• STYLE. COMMUNITY. GREAT CLOTHING.

    Bored of counting likes on social networks? At Styleforum, you’ll find rousing discussions that go beyond strings of emojis.

    Click Here to join Styleforum's thousands of style enthusiasts today!

MC General Chat

clee1982

Stylish Dinosaur
Joined
Feb 22, 2009
Messages
18,926
Reaction score
5,726

clee1982

Stylish Dinosaur
Joined
Feb 22, 2009
Messages
18,926
Reaction score
5,726
I would do the whole outfit, except that big pocket in the front of the pants (like I would want to remove the pocket, the fit/texture itself are all fine)
 

smittycl

Distinguished Member
Joined
Jul 13, 2012
Messages
6,440
Reaction score
8,496
A little Steam Punk and would look great on ... umm ... anyone but me. The Chelsea boots are short as well. :blush: Maybe if I had a Sopwith Camel and a grudge with the Red Baron?
 

Nobilis Animus

Senior Member
Joined
Nov 25, 2017
Messages
403
Reaction score
272
A little Steam Punk and would look great on ... umm ... anyone but me. The Chelsea boots are short as well. :blush: Maybe if I had a Sopwith Camel and a grudge with the Red Baron?
You'd lose that one if that coat isn't real fur. :tongue:

I'd wear all of this, including the colours, but I'd like the trousers to be sleeker - more like this:

8N51Bio.jpg

(which I'm guessing is the source of some of their inspiration)
 

clee1982

Stylish Dinosaur
Joined
Feb 22, 2009
Messages
18,926
Reaction score
5,726
A little Steam Punk and would look great on ... umm ... anyone but me. The Chelsea boots are short as well. :blush: Maybe if I had a Sopwith Camel and a grudge with the Red Baron?
I actually prefer short chelsea, no "caught in the back of pants" issue
 

clee1982

Stylish Dinosaur
Joined
Feb 22, 2009
Messages
18,926
Reaction score
5,726
You'd lose that one if that coat isn't real fur. :tongue:

I'd wear all of this, including the colours, but I'd like the trousers to be sleeker - more like this:

View attachment 1467758

(which I'm guessing is the source of some of their inspiration)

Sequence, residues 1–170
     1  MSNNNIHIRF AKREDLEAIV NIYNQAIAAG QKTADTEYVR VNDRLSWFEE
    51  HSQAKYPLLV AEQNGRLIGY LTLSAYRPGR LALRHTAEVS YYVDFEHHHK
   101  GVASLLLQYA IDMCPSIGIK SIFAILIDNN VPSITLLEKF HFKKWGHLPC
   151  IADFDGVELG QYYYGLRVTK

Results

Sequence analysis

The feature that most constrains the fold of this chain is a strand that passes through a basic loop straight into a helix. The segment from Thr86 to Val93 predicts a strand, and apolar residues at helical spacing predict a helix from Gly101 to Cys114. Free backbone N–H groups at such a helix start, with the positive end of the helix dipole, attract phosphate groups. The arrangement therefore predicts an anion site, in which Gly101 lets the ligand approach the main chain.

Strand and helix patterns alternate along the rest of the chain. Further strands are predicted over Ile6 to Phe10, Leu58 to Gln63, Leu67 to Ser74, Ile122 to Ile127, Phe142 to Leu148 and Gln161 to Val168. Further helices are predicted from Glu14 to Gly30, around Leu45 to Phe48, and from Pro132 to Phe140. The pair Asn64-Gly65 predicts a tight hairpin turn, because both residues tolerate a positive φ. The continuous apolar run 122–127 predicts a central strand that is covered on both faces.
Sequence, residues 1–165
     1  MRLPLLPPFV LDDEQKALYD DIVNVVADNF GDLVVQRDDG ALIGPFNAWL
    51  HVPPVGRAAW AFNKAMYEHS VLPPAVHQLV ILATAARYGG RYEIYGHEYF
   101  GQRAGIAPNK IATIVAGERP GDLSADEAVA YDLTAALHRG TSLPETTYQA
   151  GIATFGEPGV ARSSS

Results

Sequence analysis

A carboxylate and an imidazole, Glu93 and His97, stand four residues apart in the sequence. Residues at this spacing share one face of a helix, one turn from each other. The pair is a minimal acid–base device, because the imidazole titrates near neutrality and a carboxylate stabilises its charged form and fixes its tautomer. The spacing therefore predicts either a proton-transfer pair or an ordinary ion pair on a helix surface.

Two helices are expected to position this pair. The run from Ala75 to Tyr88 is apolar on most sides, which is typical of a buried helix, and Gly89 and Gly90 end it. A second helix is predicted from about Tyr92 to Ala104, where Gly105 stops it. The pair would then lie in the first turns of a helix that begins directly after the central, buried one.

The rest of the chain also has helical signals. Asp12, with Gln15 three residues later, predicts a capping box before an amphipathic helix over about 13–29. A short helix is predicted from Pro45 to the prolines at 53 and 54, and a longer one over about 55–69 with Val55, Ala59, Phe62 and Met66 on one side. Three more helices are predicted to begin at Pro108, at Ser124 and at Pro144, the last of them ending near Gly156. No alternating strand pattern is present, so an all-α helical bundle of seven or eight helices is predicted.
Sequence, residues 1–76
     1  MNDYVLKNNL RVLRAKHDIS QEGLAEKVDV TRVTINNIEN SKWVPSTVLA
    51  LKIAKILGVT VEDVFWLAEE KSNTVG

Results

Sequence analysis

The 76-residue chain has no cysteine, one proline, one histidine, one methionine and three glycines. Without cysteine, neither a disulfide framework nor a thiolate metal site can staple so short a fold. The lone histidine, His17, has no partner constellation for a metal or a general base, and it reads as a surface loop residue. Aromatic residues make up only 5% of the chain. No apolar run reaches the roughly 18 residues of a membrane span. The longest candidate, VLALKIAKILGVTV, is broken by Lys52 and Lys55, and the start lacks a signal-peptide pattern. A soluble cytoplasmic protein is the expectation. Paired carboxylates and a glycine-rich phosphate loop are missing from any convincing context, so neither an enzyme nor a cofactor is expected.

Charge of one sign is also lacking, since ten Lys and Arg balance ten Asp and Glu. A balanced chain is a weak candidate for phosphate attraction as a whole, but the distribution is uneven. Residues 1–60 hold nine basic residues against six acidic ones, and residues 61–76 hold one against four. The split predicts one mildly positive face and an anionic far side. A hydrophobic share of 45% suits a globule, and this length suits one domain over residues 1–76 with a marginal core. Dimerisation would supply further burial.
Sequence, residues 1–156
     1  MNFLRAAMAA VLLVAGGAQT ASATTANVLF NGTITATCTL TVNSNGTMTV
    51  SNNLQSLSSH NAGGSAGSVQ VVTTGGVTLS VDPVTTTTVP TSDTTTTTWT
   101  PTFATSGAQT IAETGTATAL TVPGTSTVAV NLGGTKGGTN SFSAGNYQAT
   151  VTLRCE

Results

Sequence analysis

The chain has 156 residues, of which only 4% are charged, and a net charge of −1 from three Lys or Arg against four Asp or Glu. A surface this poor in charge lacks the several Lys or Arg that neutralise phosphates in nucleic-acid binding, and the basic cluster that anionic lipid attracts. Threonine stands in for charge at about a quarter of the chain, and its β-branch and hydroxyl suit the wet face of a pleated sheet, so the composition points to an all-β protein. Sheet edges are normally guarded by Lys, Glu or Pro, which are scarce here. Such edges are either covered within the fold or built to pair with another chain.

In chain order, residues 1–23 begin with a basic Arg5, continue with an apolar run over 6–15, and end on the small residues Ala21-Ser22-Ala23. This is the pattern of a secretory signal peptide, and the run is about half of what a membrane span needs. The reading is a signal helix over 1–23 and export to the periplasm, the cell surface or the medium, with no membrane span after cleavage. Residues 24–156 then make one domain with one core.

I see this as less coherent though, it's suit as suit, coat as coat, then put the coat over
 

Nobilis Animus

Senior Member
Joined
Nov 25, 2017
Messages
403
Reaction score
272
I see this as less coherent though, it's suit as suit, coat as coat, then put the coat over
Well, not necessarily that particular picture, but the lighting, colour palette, and turtleneck + coat strongly remind me of these collections anyway.

Personally, I'm not inclined to wear anything with fake fur. Either the real thing, or just give me wool.
 

clee1982

Stylish Dinosaur
Joined
Feb 22, 2009
Messages
18,926
Reaction score
5,726
I would imagine going back to the old days, officer stuff were "bespoke"
 

smittycl

Distinguished Member
Joined
Jul 13, 2012
Messages
6,440
Reaction score
8,496
I would imagine going back to the old days, officer stuff were "bespoke"
Exactly. I think some Brit Regiments still require the officers to provide their own uniforms.
 

dieworkwear

Mahatma Jawndi
Dubiously Honored
Joined
Apr 10, 2011
Messages
18,268
Reaction score
42,862
Prior to the mid-19th century, all clothing was made "bespoke" either by a tailor or in the home. The only "ready-to-wear" clothing was workwear made for sailors, miners, and slaves. Ready-to-wear manufacturing was really pioneered in the United States by companies such as Brooks Brothers. But even in the early days of Brooks' history, they had custom tailors just make a ton of clothes in stock sizes.